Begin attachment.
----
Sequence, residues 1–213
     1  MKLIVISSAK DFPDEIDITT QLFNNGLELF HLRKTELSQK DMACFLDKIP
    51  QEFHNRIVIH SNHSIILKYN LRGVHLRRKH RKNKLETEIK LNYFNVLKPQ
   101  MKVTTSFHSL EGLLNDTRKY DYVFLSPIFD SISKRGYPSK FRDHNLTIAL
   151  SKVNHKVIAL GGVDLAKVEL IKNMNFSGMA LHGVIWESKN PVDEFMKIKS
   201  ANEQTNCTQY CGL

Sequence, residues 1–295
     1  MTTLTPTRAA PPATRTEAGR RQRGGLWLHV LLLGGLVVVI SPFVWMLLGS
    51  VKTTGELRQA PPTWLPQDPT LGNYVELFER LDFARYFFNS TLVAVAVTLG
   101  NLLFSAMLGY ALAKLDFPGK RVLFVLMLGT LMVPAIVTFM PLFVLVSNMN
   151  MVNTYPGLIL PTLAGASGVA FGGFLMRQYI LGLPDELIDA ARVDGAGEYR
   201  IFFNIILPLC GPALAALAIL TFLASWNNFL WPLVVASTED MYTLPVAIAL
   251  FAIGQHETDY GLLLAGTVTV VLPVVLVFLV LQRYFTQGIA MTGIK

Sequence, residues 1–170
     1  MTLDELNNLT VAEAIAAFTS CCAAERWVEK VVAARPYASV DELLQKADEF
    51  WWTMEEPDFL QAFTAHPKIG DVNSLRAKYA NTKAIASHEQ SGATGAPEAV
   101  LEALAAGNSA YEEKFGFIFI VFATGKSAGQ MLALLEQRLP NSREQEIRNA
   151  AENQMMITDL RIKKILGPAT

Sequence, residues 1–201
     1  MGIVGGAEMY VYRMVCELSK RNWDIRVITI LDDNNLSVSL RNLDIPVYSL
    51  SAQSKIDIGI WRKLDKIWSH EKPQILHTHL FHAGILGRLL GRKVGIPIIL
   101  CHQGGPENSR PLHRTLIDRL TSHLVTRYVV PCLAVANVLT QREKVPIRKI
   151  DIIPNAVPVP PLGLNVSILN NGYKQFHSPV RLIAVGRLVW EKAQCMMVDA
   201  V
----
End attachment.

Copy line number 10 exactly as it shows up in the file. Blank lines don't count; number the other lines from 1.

   101  NLLFSAMLGY ALAKLDFPGK RVLFVLMLGT LMVPAIVTFM PLFVLVSNMN